Burger with Relish: What I learned at the Grammys
It has been nearly a week since I attended the Grammy Awards for the first time, but I am still thinking about becoming a vegetarian.
That's because although much of the attention during the 54th annual awards ceremony at Los Angeles' Staples Center was devoted to honoring Whitney Houston, who died Saturday, the real honoree of the weekend was Sir Paul McCartney.
The famous vegetarian, besides performing twice during the televised show, was feted Friday, Feb. 10, at a gala inside a ballroom at the Los Angeles Convention Center. It was a fundraiser for MusiCares, a nonprofit charity run by the Grammy Foundation that helps musicians in need. For reasons only God knows, I was able to attend the gala celebrating The Cute One. And after a vegetarian meal specially made for McCartney and his guests that included a puff pastry stuffed with a portobello mushroom served on a bed of lentils, I could entertain the idea of becoming a vegetarian. That is, if only every vegetarian meal was that good, and not a Hot Pocket stuffed with broccoli and processed cheese sauce.
Frankly, though, the music at the gala rivaled the candied apple for dessert. An impressive lineup of music luminaries performed for McCartney and his guests, including Foo Fighters (performing "Jet"), Alicia Keys ("Blackbird"), Alison Krauss and Union Station ("No More Lonely Nights"), Tony Bennett ("Here, There and Everywhere"), Duane Eddy ("And I Love Her"), Norah Jones ("Oh! Darling"), Katy Perry ("Hey Jude" with the intro to "Live and Let Die"), Neil Young and Crazy Horse ("I Saw Her Standing There"), Sergio Mendes ("Fool On the Hill"), Coldplay ("We Can Work It Out"), James Taylor ("Yesterday") and Diana Krall ("For No One"). Best of all, McCartney opened and closed the show, kicking off with "Magical Mystery Tour" and "Junior's Farm" and closing with "My Valentine," "I'm Gonna Sit Right Down and Write Myself a Letter" and the "Abbey Road" numbers he unleashed for the Grammy Awards ceremony: "Golden Slumbers," "Carry That Weight" and "The End."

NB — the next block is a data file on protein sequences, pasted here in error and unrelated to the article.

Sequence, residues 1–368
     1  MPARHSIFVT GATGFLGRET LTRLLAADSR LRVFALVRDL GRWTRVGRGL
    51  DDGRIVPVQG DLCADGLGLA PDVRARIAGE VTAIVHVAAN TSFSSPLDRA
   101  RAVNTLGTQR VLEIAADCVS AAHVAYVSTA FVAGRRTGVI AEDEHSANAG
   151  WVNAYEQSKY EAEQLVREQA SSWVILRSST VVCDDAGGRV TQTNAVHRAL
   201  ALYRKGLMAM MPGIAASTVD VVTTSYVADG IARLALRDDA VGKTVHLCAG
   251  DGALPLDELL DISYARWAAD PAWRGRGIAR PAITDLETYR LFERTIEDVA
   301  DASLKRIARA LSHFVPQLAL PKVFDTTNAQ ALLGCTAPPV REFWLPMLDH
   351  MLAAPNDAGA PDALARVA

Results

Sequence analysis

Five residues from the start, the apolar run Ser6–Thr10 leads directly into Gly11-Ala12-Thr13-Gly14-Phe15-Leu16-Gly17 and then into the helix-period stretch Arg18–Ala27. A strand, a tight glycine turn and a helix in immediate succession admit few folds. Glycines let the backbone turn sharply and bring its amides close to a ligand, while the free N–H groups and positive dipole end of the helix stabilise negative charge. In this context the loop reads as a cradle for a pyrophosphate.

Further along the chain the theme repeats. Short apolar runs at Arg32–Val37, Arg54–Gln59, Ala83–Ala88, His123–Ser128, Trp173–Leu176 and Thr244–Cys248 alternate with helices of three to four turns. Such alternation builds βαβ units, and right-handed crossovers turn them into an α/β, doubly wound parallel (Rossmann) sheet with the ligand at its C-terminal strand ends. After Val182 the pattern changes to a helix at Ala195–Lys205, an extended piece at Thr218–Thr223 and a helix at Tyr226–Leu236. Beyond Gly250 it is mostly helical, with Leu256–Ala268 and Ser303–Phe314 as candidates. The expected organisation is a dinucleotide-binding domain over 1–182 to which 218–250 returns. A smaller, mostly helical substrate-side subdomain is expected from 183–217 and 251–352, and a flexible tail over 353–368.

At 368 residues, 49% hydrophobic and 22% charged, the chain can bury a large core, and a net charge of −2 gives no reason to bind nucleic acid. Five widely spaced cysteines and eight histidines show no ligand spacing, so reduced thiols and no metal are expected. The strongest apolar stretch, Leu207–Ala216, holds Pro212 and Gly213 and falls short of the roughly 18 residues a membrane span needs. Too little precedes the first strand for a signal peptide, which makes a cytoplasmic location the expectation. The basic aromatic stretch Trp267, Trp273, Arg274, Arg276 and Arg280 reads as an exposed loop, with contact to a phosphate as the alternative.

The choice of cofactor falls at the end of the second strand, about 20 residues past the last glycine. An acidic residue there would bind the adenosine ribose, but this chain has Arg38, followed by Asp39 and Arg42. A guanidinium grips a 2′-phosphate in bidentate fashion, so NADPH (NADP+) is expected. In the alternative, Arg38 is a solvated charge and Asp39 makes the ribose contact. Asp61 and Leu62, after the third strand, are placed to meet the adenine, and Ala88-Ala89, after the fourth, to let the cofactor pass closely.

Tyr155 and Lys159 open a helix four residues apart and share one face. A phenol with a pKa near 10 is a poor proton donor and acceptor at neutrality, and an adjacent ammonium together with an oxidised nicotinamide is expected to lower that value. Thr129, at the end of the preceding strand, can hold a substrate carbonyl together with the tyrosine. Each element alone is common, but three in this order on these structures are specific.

Being at the MusiCares benefit more than made up for being at Staples Center for the Grammy Awards, but not actually being at the Grammy Awards. All of the media were housed in a media center adjacent to the auditorium, and we all watched the ceremony on TV, just like people at home. But I'm not complaining, because instead of kids bothering you during the show at home, every once in a while inside the media center a star such as Adele or The Beach Boys comes by to answer questions.
Questions dominated my life for the entirety of Grammy Week, which included many more events than just the awards on Sunday night. All week, I was trying to come up with the most insightful, probing, interesting questions to ask on the red carpet during all of the events, but in the end, you're left uttering banal queries such as "How does it feel to be at such-and-such?" Even if I had come up with great questions, by the time Sunday came along, most of the questions were reduced to asking people their reactions to Houston's death.
The McCartney gala and Grammy Awards were the most frenzied of the red carpets, so less high-profile events during Grammy Week provided the best experiences. One of those was the Special Merit Awards ceremony the Saturday before the Grammy ceremony, where Diana Ross, Glen Campbell, The Memphis Horns, George Jones and the Allman Brothers Band were given Lifetime Achievement Awards. I was able to talk to Campbell, Jones and more than a half-dozen members of the Allman Brothers. Meeting celebrities in person is always different than talking to them on the phone, which is how I do about 90 percent of my interviews. On the phone, you don't immediately realize that the Allman Brothers are an interracial band, for example.
It's interesting to note the relative dearth of print newspapers at these events, compared with the proliferation of tabloid TV shows that became the bane of my existence on red carpets because the TV show hostesses have sharp elbows. And although most publicists with the Grammys are polite and professional, one time a publicist asked me if The Salt Lake Tribune was a radio show.
But the experience was worth it, if only to talk to people like Utah native Jenny Oaks Baker, nominated for Best Pop Instrumental for her "Wish Upon a Star" album. Although she lost to the legendary Booker T., just hearing her emotion and seeing her excitement at attending what's called music's biggest night refueled my passion for experiencing and writing about music. Music sustains, even as you come to the realization that you need protein, even if you're a vegetarian.
Maybe I will just do meatless Mondays.